Brighton & Hove is a city packed with glorious buildings of all shapes and sizes. From neoclassical architecture of the mid 18th century to Georgian and Regency buildings that became popular throughout the 1800s all the way through to the modernist and brutalist works of the early to mid 20th century, the city has seen a huge variety of styles sit shoulder to shoulder over the years.
Thanks to its excellent location on the coast, nestled beneath the beautiful South Downs, Brighton has long been a desirable place to live but has historically been less popular for big office developments the likes of which you might more commonly associate with towns like Crawley, Redhill or Croydon. Whilst there are some prominent purpose-built office blocks such as New England House, Tower Point and Trafalgar Place, all clustered fairly close to the city’s main station, total office capacity has tended to be spread out across smaller buildings, many of which have been converted for their current use.
Given the unique nature of office space in Brighton we’ve taken a look at some of the more interesting and unusual spaces to now exist within often quite grand old structures originally constructed for entirely different purposes.
This huge, imposing Gothic building sits on the corner of two main arterial roads and now serves as a serviced office space. But it’s fairly apparent this was not its originally intended use! In fact the building was constructed in 1854 as a training college for Anglican school teachers, a purpose it served for 85 years.
The college closed its doors shortly before the outbreak of the second world war, ready to be auctioned off but was requisitioned for wartime use, serving as a base of operations for the Royal Engineers. After the war it remained in military use and became the records office for the corps up until 1987. The following year it became a Grade II listed building and was converted into its current use as offices.
No prizes for guessing what was the original purpose of this tall brick building that serves as a local landmark in the city’s western suburb of Portslade. Built circa 1880 it was one of many commercial breweries in the area, all taking advantage of what was deemed to be particularly high-quality water from the local springs.
Originally producing ales for Dudney & Sons it was eventually acquired by perhaps the city’s best-known brewer, Tamplins in 1929 who ceased production there the following year as they already owned the more centrally located Phoenix Brewery in Waterloo Street (itself now demolished).
It took until 2017 for the brewery site to gain permission for a new permanent use and development has been ongoing ever since, with provisions for residential dwellings and commercial units. Many of these commercial units are now available as leased office space.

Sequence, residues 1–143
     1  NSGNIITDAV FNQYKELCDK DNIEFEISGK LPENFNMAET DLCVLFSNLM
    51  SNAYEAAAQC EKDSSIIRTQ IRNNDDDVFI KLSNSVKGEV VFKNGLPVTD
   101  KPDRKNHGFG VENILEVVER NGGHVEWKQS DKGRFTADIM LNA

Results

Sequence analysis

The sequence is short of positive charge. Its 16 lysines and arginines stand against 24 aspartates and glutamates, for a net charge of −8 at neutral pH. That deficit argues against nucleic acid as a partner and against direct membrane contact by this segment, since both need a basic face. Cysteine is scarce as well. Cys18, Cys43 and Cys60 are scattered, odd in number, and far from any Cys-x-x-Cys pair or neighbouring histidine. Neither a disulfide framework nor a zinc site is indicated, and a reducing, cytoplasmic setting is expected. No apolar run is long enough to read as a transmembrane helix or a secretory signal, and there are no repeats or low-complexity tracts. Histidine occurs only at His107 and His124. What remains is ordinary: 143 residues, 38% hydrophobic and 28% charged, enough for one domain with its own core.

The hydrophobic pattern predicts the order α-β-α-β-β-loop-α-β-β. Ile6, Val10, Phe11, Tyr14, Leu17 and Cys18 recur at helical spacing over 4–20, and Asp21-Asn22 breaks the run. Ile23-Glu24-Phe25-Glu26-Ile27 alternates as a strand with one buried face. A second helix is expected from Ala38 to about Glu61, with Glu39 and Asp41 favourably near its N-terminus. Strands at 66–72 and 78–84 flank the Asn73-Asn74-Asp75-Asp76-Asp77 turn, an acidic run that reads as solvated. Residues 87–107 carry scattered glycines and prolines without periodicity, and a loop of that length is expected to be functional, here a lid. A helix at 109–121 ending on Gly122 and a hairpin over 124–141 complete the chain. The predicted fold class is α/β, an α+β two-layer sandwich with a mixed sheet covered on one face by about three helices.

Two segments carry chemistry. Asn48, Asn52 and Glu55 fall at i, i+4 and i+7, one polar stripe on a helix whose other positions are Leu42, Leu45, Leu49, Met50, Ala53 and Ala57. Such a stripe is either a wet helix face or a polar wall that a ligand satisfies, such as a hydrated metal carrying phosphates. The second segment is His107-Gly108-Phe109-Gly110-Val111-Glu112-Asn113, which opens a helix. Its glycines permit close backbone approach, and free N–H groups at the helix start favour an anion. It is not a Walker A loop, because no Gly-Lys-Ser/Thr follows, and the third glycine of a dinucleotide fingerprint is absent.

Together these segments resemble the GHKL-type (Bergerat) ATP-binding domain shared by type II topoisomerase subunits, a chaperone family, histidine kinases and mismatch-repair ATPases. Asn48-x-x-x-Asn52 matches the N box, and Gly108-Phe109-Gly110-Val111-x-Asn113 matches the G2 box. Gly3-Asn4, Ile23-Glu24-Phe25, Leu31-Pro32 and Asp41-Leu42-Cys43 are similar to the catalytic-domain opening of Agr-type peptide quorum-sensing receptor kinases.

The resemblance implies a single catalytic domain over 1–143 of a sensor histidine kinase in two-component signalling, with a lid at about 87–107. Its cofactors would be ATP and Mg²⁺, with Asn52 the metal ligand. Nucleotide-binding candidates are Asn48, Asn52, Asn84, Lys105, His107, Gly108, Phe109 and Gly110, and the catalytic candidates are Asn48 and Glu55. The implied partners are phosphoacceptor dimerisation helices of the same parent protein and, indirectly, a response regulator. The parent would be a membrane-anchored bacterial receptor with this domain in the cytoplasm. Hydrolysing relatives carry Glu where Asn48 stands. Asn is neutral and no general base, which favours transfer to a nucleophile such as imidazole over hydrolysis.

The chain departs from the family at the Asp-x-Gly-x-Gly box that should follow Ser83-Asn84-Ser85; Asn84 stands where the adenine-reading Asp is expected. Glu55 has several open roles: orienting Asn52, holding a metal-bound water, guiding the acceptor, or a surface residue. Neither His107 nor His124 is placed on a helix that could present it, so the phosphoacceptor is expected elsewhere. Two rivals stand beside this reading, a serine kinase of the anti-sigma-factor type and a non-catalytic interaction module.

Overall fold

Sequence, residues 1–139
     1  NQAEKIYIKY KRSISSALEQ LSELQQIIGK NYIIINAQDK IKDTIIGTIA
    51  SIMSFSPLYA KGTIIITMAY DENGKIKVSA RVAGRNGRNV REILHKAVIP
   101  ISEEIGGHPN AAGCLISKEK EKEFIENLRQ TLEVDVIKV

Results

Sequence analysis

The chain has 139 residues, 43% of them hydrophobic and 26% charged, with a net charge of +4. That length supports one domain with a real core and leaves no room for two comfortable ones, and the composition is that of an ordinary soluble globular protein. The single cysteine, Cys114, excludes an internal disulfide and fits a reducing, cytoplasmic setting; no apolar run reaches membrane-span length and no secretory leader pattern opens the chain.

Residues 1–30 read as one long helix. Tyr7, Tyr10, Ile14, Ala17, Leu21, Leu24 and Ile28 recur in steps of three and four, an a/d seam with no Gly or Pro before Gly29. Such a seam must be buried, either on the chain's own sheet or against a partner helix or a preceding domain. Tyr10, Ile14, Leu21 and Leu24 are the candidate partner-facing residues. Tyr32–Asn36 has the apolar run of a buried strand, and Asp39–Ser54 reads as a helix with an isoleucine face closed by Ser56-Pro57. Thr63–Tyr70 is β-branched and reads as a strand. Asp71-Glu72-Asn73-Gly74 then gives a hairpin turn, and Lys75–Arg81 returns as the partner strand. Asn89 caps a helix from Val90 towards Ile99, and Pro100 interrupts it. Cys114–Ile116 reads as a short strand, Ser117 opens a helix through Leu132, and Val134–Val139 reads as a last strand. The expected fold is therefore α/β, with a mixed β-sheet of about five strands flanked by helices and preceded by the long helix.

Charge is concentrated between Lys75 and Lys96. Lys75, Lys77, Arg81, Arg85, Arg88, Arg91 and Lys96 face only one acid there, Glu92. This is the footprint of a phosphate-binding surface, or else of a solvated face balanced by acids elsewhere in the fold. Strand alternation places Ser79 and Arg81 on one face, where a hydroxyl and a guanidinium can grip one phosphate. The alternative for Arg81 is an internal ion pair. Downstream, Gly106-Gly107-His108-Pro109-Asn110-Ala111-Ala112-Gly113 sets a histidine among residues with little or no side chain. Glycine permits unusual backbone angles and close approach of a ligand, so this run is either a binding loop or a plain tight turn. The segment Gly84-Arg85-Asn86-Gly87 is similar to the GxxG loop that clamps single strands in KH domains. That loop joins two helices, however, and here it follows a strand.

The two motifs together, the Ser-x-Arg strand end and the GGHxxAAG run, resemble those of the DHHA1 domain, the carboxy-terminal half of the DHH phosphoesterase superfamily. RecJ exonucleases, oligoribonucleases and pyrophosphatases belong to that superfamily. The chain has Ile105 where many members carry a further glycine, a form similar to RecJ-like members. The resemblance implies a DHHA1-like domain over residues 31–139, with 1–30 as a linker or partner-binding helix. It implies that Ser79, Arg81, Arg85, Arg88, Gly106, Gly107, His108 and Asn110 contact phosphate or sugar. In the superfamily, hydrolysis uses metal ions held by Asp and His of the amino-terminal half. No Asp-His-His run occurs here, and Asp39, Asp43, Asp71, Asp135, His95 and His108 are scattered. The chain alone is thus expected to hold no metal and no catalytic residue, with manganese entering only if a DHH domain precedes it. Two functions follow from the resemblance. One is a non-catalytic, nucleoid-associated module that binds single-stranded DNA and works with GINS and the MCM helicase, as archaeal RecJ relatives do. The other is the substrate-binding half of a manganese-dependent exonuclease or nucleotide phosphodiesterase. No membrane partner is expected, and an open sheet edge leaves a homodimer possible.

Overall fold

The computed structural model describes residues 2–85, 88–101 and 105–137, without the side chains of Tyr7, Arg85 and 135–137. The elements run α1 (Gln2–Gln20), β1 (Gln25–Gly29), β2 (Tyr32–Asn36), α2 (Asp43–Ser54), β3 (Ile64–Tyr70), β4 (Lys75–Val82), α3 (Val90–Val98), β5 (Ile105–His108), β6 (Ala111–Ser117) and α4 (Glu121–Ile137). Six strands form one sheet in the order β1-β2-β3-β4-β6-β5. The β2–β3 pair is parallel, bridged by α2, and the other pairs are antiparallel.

This collection of shipping containers close to Preston Circus sits on the site of a historic former pub that lends its name to the development. Originally the New England Inn, the hostelry was renamed the Cobbler’s Thumb sometime circa 1980 before being demolished by the council in 2013 having been deemed unsafe.
Just one year later eight new business units had sprung up on the site, placed by crane onto the newly vacant plot. Though the development is technically only a temporary or “interim” use of the site, the success of the scheme has prompted calls for the quirky workspaces to remain longer term.
These commercial units have proven popular with startups and growing businesses alike.
We couldn’t not mention our own serviced office space housed within this spacious aircraft hangar at Britain’s oldest working commercial airport in Shoreham. Featuring a variety of different sized office suites arranged across two floors the building is also home to specialist helicopter pilot training company Advance Helicopters. Therefore it also remains in use as a working hangar, housing the fleet of training helicopters that the rest of the building’s tenants get to enjoy watching regularly taking off from the airfield!
It’s also just moments away from the wonderfully preserved famous art deco airport terminal building which is home to the Hummingbird cafe. We may be biased but this is a truly splendid location to be lucky enough to work from!
Incidentally, our other serviced office space in Brighton has its own history and we have previously recounted details of the former life of 23 Grand Parade. If you’re interested in learning more about current availability in either of our sites, just get in touch.